A jaw-dropping journey from the horrors of war to leading up Royal Ascot runners
The Journey: An Inspiring True Story of Courage and Hope by Abdul Musa Adam with Ros Wynne-Jones, published by Mirror Books, £8.99
Picking through burnt rags of clothing once belonging to his friends and family, Abdul Musa Adam was staring into an abyss.
War robbed him of everything he had ever known. His childhood, his freedom and his way of life evaporated after a government-led genocide in Darfur swept through the lands he once called home.
Almost all his family and friends died as a result of the conflict, which UN statistics suggest has cost 300,000 lives and led to the displacement of up to three million people.
How, then, could a boy put through such unimaginable anguish one day find himself surrounded by the pomp and circumstance of Royal Ascot?
The Journey is Abdul's personal account of his story and is as much a testament to his powers of endurance as it is a window to the hardship of life as a refugee fleeing conflict in Africa.
From Darfur to Chad, then on to Libya and across the Mediterranean to Marseille, Paris, Calais and eventually England, the tale is tear-jerking and, at times, jaw-dropping.
The heart aches as those who represent Abdul's last link to home are torn away in horrific circumstances and his fear is palpable as he stows away on a lorry in a desperate attempt to reach what he hopes will be a better life in England.
The full details of this extraordinary story cannot be captured here. It really does need to be read to be fully comprehended.
Despite such turmoil there was always one constant for Abdul, something to take him back to his happy childhood playing on the vast grazing lands and watering holes of Darfur. A love of horses.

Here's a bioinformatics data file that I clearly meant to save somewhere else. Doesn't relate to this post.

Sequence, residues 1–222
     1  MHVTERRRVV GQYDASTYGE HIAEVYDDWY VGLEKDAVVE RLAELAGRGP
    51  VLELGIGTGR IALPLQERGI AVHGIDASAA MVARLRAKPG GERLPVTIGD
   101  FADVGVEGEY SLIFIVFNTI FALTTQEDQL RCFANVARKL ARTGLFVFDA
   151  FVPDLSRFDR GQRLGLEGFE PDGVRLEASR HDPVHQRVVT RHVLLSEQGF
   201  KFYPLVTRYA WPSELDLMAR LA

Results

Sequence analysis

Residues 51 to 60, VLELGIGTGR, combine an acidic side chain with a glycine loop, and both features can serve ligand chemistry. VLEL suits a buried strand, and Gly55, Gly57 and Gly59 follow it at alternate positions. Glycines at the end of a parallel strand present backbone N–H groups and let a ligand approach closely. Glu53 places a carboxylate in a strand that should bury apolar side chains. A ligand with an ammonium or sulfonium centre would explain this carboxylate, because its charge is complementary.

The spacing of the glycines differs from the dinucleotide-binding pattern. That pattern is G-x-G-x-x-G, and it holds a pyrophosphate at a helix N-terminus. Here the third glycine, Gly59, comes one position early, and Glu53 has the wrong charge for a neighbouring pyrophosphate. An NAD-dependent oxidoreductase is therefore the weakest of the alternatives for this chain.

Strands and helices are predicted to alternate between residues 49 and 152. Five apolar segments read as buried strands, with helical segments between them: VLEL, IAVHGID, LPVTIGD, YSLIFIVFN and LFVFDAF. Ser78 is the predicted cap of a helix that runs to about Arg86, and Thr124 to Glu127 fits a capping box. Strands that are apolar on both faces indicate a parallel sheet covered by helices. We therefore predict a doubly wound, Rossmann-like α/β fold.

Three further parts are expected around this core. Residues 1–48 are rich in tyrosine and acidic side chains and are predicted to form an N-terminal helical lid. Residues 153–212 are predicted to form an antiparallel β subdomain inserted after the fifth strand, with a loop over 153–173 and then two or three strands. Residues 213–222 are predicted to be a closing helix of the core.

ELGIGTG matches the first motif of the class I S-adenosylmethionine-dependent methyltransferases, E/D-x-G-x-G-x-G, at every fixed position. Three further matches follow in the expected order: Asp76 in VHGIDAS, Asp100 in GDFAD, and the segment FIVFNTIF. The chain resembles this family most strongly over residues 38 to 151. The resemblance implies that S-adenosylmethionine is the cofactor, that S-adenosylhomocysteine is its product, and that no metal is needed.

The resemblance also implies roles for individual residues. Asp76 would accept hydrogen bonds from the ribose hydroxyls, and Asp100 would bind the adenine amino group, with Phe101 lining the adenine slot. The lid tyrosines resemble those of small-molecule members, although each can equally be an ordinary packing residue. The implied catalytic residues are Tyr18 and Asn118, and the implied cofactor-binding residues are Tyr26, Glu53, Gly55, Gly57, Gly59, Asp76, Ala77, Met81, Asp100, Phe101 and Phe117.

He recounts a tale of his father lifting him on to the back of a small pony when he was a tiny boy. Abdul speaks of having no fear, instead feeling at home as the pony breaks into a run.
It has the scent of a 'eureka' moment, a realisation that he has been bequeathed with the gift of horsemanship. This talent begins to be fully realised only after a visit to the Greatwood charity near Marlborough, Wiltshire, which uses retired racehorses to help young people facing difficulties.
Abdul goes on to work for Nikki Evans in Abergavenny, attends the National Horseracing College in Doncaster before progressing to a full-time job as a stable lad with Andrew Balding at Park House Stables in Kingsclere.
He led out Shadn before her run in the Commonwealth Cup at Royal Ascot this year. A war zone replaced by pristine turf, Kalashnikovs by top hats. Yet on reading it becomes clear Abdul never forgets where he has come from and his experiences continue to have a profound impact on his new life.
While this story appears to have a happy ending, it is also one tinged with great sadness. The loss of his brother, Yusuf, gnaws at Abdul every minute of the day. Is he alive? Is he dead? Is he still in the camp in Chad where he and Abdul parted ways over a decade ago?
This creates a life of uncertainty, where Abdul is trapped by a strange mix of hope and fear as he continues his search for Yusuf.
"I don't have a choice, I have to find him," Abdul says on a trip to the infamous Jungle migrant camp in Calais. "Until I find him, I will never be happy and I will never be safe. Every day that I am in a warm bed and Yusuf is out in the cold and rain somewhere, I too feel I am in the cold and rain."
One can only hope his search is successful and that racing continues to provide a haven for a young man who appears to have found some semblance of peace out of the chaos that once surrounded him.
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